It's best to start these stories at the beginning, and my beginning most certainly began with the opening pages of Laura Ingall's Wilder's Little House in the Big Woods. While churning butter may not be the likely dream of a suburban child, my course was set the evening these images began to play across the edges of my mind. My homesteading dreams lay dormant for years as my childhood grew into teenager hood and then to young adulthood in the comfort of suburban Metro Detroit. Frustrated by the lack of “practical” education my life had afforded me, and intrigued by the bits and pieces of food related industry I had worked in throughout my college years (Silvio's Organic Pizza and Tantre farm were the principle players) I headed out for a three month environmental fellowship through a Jewish organization in northwest Connecticut called Adamah, complete with a 4-acre organic farm and a commercial pickle kitchen.
Here my life was forever changed, because what had manifested as angsty regret as a suburban youth was splayed open as a country-livin' adult. I quickly fell into the rhythm of “doing” that defines country life: milking goats, making yogurt, growing food, preserving food, hauling food waste to compost piles and hauling compost to newly planted beds. From beginning to end, I felt deeply moved by the wholeness and fullness of this life, the amount of control it afforded myself and my peers and the amount of daily learning that changed from the exception to the norm.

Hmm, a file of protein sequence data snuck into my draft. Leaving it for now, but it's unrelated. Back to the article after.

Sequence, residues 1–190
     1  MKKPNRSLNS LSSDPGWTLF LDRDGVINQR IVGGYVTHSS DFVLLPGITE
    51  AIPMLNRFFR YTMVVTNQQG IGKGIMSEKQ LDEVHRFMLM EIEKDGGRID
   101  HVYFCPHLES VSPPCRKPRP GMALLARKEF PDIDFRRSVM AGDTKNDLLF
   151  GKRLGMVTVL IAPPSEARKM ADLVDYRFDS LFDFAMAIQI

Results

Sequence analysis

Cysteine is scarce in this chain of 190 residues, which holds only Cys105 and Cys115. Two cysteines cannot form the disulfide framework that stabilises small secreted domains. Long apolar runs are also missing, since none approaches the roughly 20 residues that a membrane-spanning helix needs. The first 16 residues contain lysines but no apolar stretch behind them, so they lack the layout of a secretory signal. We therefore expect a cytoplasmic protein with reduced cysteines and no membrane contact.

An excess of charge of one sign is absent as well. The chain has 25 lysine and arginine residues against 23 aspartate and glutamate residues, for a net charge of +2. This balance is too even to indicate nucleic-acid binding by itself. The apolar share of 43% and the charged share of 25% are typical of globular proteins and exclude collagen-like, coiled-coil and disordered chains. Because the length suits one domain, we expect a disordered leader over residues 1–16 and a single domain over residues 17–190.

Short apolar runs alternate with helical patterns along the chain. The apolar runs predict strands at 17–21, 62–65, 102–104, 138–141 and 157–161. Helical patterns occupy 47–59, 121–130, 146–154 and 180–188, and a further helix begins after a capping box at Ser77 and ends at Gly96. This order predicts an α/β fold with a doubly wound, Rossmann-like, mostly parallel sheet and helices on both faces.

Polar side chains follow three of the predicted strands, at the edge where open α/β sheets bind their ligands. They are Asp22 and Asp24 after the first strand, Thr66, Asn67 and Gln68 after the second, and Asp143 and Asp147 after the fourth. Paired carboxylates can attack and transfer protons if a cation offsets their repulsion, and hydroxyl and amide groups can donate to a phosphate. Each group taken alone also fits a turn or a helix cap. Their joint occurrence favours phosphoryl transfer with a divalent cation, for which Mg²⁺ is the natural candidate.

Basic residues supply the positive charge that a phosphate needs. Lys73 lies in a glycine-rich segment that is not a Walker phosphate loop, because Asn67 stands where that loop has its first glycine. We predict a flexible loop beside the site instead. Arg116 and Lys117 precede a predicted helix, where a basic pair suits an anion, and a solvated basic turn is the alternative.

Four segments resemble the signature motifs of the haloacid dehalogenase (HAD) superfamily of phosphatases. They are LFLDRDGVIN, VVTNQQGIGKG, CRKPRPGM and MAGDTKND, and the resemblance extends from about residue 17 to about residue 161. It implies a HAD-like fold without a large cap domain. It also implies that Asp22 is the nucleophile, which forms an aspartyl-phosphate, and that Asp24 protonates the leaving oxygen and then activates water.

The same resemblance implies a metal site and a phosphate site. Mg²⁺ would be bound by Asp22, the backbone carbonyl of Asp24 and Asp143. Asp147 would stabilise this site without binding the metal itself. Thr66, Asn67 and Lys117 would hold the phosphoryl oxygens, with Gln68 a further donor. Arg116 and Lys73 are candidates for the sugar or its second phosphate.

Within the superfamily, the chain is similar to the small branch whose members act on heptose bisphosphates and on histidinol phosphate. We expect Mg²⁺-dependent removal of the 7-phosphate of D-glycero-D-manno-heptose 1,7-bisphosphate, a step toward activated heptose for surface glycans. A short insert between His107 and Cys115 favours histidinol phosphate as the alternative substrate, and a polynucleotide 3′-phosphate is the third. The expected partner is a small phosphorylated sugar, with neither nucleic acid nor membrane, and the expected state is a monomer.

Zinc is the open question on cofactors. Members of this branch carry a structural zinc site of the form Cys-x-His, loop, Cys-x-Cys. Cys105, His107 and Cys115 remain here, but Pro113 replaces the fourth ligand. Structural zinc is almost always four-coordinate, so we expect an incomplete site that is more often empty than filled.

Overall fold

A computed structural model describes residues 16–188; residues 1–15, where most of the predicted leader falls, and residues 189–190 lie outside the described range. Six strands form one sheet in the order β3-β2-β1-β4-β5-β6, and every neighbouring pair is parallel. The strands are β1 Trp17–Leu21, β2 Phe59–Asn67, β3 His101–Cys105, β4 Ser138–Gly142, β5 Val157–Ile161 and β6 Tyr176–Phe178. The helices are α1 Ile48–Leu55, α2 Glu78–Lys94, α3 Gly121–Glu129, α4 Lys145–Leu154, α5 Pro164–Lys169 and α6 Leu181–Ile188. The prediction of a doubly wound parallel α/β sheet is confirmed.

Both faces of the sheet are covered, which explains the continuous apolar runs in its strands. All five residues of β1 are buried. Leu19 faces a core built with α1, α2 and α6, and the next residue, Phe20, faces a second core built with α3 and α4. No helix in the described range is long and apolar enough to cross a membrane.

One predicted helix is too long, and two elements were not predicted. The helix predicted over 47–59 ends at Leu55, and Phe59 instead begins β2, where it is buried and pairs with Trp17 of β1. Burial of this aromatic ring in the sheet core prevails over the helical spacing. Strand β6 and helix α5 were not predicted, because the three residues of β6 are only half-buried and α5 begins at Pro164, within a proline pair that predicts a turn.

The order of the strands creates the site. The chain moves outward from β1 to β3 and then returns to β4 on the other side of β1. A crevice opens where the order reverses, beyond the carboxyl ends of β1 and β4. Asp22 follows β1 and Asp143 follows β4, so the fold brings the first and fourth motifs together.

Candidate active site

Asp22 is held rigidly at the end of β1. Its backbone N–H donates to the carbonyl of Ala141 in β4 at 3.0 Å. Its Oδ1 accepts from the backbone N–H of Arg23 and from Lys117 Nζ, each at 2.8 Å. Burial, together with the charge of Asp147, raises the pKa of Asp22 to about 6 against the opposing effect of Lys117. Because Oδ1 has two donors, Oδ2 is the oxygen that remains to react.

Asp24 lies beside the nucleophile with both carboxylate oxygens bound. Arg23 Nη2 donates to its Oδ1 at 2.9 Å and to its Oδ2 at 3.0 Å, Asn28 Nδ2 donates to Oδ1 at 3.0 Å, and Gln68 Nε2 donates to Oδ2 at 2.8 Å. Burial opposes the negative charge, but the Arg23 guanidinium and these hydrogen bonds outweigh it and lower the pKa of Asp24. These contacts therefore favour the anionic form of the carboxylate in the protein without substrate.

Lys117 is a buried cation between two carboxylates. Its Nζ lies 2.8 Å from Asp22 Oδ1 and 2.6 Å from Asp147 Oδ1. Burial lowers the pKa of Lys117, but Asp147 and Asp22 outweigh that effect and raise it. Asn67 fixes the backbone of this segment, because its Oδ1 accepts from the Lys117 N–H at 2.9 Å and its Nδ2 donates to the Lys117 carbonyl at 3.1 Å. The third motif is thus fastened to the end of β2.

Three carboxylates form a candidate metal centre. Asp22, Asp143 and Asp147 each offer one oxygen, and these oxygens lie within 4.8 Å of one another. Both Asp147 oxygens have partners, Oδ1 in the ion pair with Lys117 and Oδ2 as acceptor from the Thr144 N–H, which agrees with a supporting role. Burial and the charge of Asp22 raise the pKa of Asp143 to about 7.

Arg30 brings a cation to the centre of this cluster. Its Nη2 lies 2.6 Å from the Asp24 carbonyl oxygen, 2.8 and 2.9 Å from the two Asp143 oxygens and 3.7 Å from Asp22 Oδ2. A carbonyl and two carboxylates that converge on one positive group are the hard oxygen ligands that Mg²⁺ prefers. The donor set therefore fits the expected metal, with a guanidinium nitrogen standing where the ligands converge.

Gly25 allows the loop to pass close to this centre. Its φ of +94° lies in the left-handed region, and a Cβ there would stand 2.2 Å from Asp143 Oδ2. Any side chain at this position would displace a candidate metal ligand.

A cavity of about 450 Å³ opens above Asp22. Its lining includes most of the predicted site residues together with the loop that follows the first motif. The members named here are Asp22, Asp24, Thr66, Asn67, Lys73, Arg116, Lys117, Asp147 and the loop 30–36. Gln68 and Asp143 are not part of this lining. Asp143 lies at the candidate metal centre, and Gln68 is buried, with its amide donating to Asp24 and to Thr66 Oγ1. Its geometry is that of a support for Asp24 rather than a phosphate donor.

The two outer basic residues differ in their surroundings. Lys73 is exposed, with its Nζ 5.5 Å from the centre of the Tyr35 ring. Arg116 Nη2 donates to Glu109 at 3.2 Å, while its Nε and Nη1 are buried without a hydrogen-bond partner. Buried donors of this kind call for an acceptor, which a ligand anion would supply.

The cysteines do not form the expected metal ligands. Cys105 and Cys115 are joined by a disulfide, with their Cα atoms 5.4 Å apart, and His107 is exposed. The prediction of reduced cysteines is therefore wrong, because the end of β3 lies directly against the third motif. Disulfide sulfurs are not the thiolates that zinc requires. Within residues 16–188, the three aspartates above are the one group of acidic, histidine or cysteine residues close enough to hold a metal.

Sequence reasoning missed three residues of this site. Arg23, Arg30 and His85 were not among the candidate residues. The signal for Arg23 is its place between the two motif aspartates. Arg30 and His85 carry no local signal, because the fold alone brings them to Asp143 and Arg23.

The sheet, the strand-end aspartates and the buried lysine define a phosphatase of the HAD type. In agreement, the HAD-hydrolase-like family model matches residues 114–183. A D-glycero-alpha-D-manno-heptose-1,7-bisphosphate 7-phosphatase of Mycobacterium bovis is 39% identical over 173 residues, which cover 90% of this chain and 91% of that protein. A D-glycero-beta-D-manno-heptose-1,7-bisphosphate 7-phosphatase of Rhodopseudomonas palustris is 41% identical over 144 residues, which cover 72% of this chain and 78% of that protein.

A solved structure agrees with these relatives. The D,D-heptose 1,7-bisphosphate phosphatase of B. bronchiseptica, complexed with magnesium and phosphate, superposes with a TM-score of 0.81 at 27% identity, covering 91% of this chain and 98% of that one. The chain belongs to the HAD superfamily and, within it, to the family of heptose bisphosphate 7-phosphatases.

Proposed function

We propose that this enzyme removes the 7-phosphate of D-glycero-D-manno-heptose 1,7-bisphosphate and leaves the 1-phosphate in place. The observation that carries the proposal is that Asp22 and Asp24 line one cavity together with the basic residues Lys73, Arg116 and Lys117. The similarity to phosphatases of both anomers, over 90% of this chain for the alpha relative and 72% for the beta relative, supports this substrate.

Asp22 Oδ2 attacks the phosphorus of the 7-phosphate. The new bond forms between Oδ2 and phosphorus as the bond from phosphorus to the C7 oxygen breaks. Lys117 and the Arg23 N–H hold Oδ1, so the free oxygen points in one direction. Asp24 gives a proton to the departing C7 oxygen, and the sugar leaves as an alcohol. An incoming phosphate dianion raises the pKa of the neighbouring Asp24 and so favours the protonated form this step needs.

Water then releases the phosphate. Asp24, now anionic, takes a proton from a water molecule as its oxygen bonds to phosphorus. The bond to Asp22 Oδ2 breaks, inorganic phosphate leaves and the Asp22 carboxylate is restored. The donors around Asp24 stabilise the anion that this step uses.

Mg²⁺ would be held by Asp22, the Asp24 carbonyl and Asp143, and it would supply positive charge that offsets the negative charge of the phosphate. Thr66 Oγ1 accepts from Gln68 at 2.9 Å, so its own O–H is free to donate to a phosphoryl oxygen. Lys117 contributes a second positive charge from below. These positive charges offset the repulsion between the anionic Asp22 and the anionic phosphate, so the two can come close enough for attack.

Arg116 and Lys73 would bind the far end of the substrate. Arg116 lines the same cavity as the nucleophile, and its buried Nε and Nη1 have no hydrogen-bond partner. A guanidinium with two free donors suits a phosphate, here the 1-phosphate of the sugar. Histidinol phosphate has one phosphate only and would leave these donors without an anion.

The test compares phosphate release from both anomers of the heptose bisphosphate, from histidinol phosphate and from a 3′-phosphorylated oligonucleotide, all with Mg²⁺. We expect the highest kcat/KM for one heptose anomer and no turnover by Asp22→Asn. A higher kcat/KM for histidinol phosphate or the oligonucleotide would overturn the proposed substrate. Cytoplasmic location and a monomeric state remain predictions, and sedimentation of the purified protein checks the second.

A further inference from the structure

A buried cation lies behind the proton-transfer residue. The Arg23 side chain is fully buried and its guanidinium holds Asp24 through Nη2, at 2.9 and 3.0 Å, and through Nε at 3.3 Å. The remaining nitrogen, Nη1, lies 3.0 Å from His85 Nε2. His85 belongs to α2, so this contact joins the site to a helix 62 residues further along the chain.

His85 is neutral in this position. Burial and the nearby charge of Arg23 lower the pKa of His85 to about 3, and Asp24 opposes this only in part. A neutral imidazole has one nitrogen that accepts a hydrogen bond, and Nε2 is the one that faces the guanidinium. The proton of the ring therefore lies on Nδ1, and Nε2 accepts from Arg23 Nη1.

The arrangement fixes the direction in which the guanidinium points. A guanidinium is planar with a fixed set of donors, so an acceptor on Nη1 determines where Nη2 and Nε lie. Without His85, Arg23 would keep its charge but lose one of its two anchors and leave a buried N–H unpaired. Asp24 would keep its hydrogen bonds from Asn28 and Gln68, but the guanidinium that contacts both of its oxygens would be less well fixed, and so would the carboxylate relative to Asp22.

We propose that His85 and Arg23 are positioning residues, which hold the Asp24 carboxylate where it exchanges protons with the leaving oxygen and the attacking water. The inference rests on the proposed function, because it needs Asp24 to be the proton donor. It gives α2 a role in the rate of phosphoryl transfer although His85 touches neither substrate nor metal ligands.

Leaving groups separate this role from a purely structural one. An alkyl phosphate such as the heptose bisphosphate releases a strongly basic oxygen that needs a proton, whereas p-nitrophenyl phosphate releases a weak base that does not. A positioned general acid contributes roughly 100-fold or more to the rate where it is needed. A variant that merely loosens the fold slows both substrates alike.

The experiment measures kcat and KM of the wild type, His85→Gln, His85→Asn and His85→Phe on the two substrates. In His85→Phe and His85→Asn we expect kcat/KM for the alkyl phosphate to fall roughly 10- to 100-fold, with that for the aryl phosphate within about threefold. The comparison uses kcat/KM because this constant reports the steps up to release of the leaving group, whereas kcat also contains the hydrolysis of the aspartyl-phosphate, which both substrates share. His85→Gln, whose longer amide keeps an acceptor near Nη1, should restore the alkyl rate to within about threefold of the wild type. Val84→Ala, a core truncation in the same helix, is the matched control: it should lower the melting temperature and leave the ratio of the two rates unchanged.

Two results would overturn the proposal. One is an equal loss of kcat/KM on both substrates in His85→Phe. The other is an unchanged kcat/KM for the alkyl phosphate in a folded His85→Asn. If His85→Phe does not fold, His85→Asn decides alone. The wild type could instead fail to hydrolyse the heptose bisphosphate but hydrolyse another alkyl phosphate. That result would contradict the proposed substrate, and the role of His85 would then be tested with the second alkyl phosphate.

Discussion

Becoming enmeshed in the rhythms of homesteading while living in a Jewish community where we lived the weekly rhythms of shabbat and hol (the rest of the week) led me to a deep appreciation of my Torah. Torah, in the broadest, of a teaching and a way of walking in the world. It became a passion of mine to try to bring the DIY food culture and the deep Jewish learning I had experienced at Adamah back to my midwestern home.
I have a masters in Jewish experiential education from the Jewish Theological Seminary, about 7 years of home fermenting experience, and a deep love of Torah.
ShtetlKettle is a home for my classes and my musings on the (neverending) dialogue between transformation and preservation that I experience through Food, Judaism, and daily life.
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